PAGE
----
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The reason Shikoku is called Japan’s frontier

Actually, Shikoku is the only area in Japan where foreign hotels have not been built. 
It’s overflowing with nature and there are many interesting cultural artifacts and experiences offered, so why not?

That expensive?! The fare to cross the bridge to Shikoku

www.flickr.com; photo by hiro

One of the bridges that connects Honshu and Shikoku, the Great Seto Bridge.

To go to Shikoku, you can fly, take a ferry, or drive over bridges, but driving is going to cost you a pretty penny. The debt from building the bridges has only inflated, and in 2014, they hiked up the tolls immensely. “Make no mistake, this is definitely the frontier!” you might say.

Akashi Kaikyou Bridge + Oonaruto Bridge (Kobe Nishi – Naruto) 3800 yen → 10250 yen
Akashi Kaikyou Bridge + Oonaruto Bridge (Tarumizu – Naruto) 3650 yen → 9950 yen
Great Seto Bridge (Hayashima – Sakaide) 2850 yen → 7700 yen
Nishiseto Expressway (Onomichi – Imabari) 3300 yen → 8850 yen

newsprompt.blog.fc2.com

Here are the recommended spots in Shikoku if you want to go to remote areas

Shikoku is an island that’s a little hard to get to.
Specifically because it is so inconvenient, it is full of unique charms.

1. Shikoku Hachijyuuhakkasho (the 88 temples of Shikoku)

You put on white clothes and go down the pilgrimage road, which spans about 1400km. (You can go by train, car, or other vehicle, don’t worry.)

The Shikoku Pilgrimage (四国遍路 Shikoku Henro?) or Shikoku Junrei (四国巡礼?) is a multi-site pilgrimage of 88 temples associated with theBuddhist monk Kūkai (Kōbō Daishi) on the island of ShikokuJapan. A popular and distinctive feature of the island’s cultural landscape, and with a long history, large numbers of pilgrims (known as henro (遍路?)) still undertake the journey for a variety of asceticpious, and tourism-relatedpurposes.[1]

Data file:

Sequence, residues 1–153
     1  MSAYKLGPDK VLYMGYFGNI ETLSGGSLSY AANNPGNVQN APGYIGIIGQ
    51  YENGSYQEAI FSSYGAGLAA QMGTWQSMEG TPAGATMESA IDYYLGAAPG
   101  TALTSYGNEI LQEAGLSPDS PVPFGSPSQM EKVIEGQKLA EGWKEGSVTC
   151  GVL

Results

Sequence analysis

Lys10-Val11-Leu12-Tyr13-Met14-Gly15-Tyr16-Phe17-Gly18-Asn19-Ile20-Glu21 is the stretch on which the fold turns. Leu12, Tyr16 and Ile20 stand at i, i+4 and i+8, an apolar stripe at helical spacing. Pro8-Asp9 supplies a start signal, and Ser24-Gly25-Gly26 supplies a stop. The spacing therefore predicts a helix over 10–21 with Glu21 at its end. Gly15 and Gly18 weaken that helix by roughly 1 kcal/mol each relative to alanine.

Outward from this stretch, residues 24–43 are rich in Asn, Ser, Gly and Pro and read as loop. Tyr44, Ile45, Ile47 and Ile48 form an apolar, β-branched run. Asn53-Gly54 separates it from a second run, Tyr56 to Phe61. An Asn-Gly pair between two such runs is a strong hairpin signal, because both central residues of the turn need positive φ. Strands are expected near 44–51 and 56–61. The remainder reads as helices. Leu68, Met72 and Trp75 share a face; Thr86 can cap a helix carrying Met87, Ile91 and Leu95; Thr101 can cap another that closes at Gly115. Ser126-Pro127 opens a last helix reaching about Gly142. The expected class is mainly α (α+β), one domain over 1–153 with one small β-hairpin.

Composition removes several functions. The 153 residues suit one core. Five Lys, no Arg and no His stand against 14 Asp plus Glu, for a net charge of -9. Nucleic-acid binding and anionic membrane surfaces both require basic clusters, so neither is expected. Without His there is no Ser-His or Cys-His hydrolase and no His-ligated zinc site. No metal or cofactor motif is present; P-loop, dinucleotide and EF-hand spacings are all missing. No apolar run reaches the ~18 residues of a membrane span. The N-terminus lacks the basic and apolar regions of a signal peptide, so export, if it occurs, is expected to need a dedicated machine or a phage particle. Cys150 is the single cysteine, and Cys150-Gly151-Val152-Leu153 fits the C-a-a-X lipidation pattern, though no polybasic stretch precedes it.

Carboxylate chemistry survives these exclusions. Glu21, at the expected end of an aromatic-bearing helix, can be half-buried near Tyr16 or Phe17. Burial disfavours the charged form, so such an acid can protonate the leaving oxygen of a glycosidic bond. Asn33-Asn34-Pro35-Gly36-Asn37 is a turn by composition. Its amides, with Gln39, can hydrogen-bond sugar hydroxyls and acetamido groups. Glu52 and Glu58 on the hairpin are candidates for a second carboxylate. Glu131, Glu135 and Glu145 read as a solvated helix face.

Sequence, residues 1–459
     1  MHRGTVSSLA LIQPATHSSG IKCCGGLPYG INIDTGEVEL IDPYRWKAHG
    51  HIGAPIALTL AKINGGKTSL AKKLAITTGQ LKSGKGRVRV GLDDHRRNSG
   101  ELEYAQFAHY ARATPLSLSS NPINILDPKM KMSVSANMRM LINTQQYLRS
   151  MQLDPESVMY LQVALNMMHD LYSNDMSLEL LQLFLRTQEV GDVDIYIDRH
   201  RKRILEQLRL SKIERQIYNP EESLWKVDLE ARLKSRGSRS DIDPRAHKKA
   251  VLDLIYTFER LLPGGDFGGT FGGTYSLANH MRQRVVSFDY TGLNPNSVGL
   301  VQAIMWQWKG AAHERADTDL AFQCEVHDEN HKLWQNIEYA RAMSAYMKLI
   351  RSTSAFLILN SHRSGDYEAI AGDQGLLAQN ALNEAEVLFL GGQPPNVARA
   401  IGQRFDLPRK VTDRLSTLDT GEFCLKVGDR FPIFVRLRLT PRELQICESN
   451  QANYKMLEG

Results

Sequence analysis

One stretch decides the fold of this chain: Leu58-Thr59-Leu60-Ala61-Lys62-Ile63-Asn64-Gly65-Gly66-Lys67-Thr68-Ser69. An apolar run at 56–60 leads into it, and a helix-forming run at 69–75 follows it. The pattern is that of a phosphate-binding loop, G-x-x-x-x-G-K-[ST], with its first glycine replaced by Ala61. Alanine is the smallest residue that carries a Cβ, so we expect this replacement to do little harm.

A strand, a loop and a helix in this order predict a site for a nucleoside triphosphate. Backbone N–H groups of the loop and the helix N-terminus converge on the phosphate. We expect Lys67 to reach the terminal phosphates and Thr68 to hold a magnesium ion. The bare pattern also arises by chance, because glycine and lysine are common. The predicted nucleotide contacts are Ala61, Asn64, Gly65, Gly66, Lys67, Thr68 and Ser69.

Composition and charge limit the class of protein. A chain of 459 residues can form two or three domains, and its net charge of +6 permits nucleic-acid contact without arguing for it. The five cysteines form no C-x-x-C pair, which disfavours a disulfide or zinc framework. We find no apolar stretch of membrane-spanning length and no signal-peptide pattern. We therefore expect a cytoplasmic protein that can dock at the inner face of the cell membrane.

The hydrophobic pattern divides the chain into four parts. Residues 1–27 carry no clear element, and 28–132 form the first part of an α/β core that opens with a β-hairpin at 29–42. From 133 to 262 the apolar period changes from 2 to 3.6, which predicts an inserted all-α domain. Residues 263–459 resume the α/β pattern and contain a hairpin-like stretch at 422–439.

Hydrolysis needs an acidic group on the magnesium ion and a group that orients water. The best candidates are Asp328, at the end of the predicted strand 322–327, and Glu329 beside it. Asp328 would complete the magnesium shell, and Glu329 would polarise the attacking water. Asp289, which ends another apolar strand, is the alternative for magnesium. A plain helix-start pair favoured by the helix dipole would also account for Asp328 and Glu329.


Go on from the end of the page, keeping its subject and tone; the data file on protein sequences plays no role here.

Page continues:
en.wikipedia.org

2. Awa Odori

The Awa Odori is held every year in August. It’s one of the highlights of Shikoku’s year.

The Tokushima Awa Odori Festival is held every year for four days in Tokushima from August 12th to August 15th. It’s one of the three big Shikoku festivals.

ja.wikipedia.org

3. Dogo Onsen

The main building of the Dogo Onsen is said to be the inspiration for the setting of Miyazaki Hayao’s movie “Sen to Chihiro no Kamikakushi” (English title: “Spirited Away”).

The Dogo Onsen is one of the oldest onsen in Japan and even appears in “Nihon-shoki,” the oldest chronicles of Japan.
The symbol of Dogo Onsen, the main building, has a traditional white heron perched on the roof and they play the taiko drum every morning when they open at 6am. If you experience this, you’ll be able to feel the history of this old onsen.

www.dogo.or.jp

4. Chiiori

www.flickr.comphoto by Motohiro Sunouchi

This kominka (an old private house) was built 300 years ago and bought by Alex Kerr, a scholar on Japan.
You can make reservations to stay there.
However, it’s way out in the country so it might be dark by the time you reach it, and it’s not an exaggeration to say it’s a place that feels completely unexplored.

Chiiori (篪庵?House of the Flute) is the name of an Edo period minka farmhouse in the Iya Valley, western TokushimaJapan

en.wikipedia.org

5. Shimanami Kaidou

This bridge connects Hiroshima to Ehime, and it’s a sea route that you can cross by bicycle. Gazing at the islands sitting in the Inland Sea while cycling through the sea breeze si the best.

6. Udon restaurants in Kagawa Prefecture

For some reason, Kagawa has many udon restaurants.
The name “sanuki udon” has devastating brand power. Many people pay 100x the 200 yen for a bowl in traveling expenses to go eat udon specifically in Kagawa. This is something you have to try at least once!

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